Last Updated on March 28, 2010 by Jimson Lee
Watching the Men’s Pole vault with an injured Steve Hooker inspired me to write this article.
In the past article on Technological Innovations in Track and Field, I forgot to mention the Pole vault standards that support the bar were changed from 76mm to 55mm.
We are talking about the days of super dominant Sergey Bubka from 1984 to 1994. And with today’s world leader Steve Hooker’s 6.06m on the smaller pins, World Record attempts are even harder.
I am not here to bash Sergey, but he did “slice the bologna thin” by attempting WR in 1 cm increments once he broke 6 meters.. You can’t do that for the 100 meters.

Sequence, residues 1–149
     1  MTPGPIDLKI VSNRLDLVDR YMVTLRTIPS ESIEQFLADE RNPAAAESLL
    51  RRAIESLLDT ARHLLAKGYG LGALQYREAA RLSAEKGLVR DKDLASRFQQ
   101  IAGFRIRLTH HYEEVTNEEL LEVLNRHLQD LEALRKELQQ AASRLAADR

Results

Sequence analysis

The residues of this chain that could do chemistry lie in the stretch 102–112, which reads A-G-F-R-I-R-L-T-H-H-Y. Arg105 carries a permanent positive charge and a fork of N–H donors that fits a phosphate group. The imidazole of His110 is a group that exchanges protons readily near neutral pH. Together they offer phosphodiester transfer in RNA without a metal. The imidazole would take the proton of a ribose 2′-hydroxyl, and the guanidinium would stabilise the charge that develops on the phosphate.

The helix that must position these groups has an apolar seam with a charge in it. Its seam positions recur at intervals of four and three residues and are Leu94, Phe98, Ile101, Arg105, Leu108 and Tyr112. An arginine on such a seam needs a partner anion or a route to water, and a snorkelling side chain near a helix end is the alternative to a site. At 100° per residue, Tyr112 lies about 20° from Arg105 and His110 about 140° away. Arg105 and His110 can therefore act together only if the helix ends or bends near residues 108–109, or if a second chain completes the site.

When you pole vault over the bar, often your chest or torso will brush the bar. As it wobbles, some jumpers can manipulate the bar on the pins so it stays put.
Usually technical changes are in favour of improving performance (cinder vs synthetic tracks, for example) but in this case it’s like the shortened javelin… you will be chasing a “ghost” world record.
So if you are really picky, you would include both Bubka and Hooker’s World Leader listed, with one having an asterisk.
Here is a cut and paste from the wiki site. Note it does not include his 6.15m indoors set in 1993. Also note his citizenship changed prior to the 1992 Barcelona Olympics.